Revealed: Doncaster Rovers' best ever manager

Peter Doherty, right, is pictured in 1959 talking to Johnny Crossan while on managerial duty for Northern Ireland. Picture: Central Press/Getty ImagesPeter Doherty, right, is pictured in 1959 talking to Johnny Crossan while on managerial duty for Northern Ireland. Picture: Central Press/Getty Images
Peter Doherty, right, is pictured in 1959 talking to Johnny Crossan while on managerial duty for Northern Ireland. Picture: Central Press/Getty Images
This week, as part our sports nostalgia series, we can reveal the best ever manager of Doncaster Rovers.

Rovers historian John Coyle has been counting down the top ten Rovers managers of all time over the last couple of months.

And at the top of the list is Peter Doherty – the ‘innovator’ who helped the club prosper in the old Division Two during the 1950s.

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1 PETER DOHERTY (1949-1958)

Peter Doherty was one of the finest footballers of the 1930s and 1940s, a gifted inside forward with an eye for goal.

In addition to his 16 full caps for Northern Ireland, he won a Football League champions medal while with Manchester City and was a member of Derby County’s FA Cup winning side.

He joined Rovers as player-manager for a fee of around £8,000 after spending nearly three years at Huddersfield Town. He was to lead Rovers into their most successful era.

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Doherty’s appointment brought immediate dividends as Rovers won the Division Three (North) title in 1949-50, the player-boss himself contributing 27 league goals.

He also made some important signings including centre-forward Ray Harrison and full-back Len Graham.

Doherty demonstrated the innovative approach that was to be his hallmark, setting up nursery sides in South Yorkshire and Newcastle and appointing a scout in Ireland.

He also supervised the building of a nursery ground at Thorne.

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Rovers’ previous efforts in Division Two had been short-lived, but Doherty saw to it that the club survived and prospered at the higher level.

Rovers’ best placing was 11th in 1950-51, but they were seldom in danger of relegation and the era featured some memorable games.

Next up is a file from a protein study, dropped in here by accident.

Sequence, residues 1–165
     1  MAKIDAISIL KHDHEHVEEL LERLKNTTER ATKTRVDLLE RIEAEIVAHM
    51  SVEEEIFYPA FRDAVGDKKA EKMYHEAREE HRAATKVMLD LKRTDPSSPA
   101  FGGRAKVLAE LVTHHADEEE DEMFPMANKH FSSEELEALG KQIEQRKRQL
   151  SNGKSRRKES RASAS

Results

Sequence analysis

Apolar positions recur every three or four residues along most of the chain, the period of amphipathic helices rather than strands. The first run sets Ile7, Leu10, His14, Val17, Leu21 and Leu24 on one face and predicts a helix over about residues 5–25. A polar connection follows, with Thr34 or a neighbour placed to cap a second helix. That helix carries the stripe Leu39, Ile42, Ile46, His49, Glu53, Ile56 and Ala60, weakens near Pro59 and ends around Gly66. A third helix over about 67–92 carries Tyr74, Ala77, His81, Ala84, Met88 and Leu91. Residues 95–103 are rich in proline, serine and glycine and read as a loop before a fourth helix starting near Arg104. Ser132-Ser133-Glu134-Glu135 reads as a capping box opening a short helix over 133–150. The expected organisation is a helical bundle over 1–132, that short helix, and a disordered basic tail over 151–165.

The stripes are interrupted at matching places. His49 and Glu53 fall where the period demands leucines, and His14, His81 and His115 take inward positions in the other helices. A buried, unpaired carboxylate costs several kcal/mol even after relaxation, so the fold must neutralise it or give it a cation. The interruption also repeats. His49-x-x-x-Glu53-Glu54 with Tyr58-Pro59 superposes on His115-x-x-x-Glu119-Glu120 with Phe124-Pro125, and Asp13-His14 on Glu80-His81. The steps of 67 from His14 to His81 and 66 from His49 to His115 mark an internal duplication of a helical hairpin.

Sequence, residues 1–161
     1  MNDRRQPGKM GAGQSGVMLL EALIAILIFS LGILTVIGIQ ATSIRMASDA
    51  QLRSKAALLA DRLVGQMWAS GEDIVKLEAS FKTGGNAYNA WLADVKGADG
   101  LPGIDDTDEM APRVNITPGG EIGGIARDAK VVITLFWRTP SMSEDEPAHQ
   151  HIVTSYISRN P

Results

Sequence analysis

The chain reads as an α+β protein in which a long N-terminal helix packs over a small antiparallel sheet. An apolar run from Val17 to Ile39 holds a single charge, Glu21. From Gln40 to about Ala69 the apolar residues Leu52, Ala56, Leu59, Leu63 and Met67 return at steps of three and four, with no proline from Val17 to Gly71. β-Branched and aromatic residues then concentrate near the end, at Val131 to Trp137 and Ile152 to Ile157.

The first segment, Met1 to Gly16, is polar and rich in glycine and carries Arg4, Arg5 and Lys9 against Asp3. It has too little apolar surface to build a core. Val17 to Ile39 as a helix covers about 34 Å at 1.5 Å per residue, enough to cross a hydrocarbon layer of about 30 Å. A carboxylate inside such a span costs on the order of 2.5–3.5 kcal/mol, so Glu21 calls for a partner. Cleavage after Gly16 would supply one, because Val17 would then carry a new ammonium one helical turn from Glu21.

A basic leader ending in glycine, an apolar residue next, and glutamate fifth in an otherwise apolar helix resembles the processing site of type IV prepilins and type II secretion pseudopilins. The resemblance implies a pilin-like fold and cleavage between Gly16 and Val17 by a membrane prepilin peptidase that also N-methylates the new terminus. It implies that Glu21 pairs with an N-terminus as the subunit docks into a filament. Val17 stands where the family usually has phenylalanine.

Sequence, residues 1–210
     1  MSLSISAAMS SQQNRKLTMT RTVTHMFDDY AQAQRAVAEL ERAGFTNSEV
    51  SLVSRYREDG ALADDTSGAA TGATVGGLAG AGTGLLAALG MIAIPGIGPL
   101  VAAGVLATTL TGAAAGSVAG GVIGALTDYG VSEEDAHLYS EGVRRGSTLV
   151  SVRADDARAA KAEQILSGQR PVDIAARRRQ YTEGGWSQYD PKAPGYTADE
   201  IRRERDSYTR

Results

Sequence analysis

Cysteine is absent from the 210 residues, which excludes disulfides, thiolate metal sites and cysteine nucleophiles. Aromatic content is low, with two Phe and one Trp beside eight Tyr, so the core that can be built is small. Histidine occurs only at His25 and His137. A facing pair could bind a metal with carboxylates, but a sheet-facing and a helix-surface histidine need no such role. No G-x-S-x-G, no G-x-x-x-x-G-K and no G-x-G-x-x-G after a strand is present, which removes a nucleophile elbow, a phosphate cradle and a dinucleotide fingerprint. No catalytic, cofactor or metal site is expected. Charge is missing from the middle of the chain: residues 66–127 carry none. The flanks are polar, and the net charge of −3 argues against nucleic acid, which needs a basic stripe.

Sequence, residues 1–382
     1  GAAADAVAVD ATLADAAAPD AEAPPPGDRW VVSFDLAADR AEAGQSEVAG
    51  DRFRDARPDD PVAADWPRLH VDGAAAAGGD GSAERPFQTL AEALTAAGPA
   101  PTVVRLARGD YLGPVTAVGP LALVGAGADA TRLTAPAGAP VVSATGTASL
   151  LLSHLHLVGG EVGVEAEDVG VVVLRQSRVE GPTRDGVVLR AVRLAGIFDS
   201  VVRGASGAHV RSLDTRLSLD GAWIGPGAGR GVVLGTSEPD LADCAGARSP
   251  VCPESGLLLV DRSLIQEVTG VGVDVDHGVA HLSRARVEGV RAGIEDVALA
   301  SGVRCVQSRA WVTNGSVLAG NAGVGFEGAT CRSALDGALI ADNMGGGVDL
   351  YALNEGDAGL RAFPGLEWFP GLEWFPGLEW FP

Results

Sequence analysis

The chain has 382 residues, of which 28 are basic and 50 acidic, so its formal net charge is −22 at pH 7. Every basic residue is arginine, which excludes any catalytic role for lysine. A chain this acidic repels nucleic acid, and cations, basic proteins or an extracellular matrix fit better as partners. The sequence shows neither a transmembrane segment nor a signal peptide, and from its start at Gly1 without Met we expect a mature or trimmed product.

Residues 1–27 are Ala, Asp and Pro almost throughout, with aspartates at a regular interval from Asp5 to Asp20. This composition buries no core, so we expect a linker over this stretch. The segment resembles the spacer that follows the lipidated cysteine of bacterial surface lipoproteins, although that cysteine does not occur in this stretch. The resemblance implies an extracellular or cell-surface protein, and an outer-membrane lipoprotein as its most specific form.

A 4-3 victory over Doherty’s old club, Manchester City, after Rovers trailed 0-3 at the interval, was the highlight of 1950-51.

FA Cup triumphs over Middlesbrough and Sunderland were followed by the famous tie with Aston Villa in 1954-55 when Rovers beat the First Division side in the fourth replay.

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However, results do not reflect Doherty’s real value as a manager.

He was an innovator, introducing floodlights for training and then using them for a series of well-attended friendlies.

He brought Alick Jeffrey into the first team before the Rawmarsh youngster had celebrated his 16th birthday and saw his young protégé emerge as an outstanding footballer.

Doherty retired as a player at the end of the 1952-53 season (just before his 40th birthday) but he had already taken on the part-time role of manager of the Northern Ireland national side, a position he held until 1962.

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Doherty’s main problem was that Rovers never quite enjoyed the attendances required to support his progressive policies or, more crucially, to allow him to hold on to his best players.

In December 1957 Rovers were forced to sell goalkeeper Harry Gregg, a player discovered by Doherty, to Manchester United for £25,000.

Doherty was upset by this decision, but in any case, his position was coming under threat. Rovers were second from bottom of Division Two in January 1958 and rumours abounded of disputes between Doherty and Hubert Bates member of the Rovers board.

On 20th January 1958 the club announced that Doherty had resigned to take up a similar post at Rovers’ Second Division rivals Bristol City. His contract was believed to be of five years’ duration, although he was only to stay for two years before being sacked.

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He later worked for Notts County, Aston Villa, Preston, Sunderland and Blackpool in various capacities.

Perhaps his greatest managerial achievement was to take Northern Ireland to the quarter-finals of the World Cup in Sweden in 1958.

Doherty, who was a champion of players’ rights and an opponent of the maximum wage, was in many ways a men before his time.

His departure from Belle Vue heralded a grim period in the history of the Rovers.

Doherty died in April 1990, aged 76.

Senior record with Rovers

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First match: 20th August 1949 v Bradford City (away) won 2-1

Last match: 18th January 1958 v Stoke City (away) drew 0-0

Played 389, Won 133, Drew 109, Lost 147, Winning percentage: 34.2%

Recap: The Top 10

10 Fred Emery

9 Stan Anderson

8 Sammy Chung

7 Lawrie McMenemy

6 Billy Bremner

5 David Menzies

4 Jackie Bestall

3 Dave Penney

2 Sean O’Driscoll

1 Peter Doherty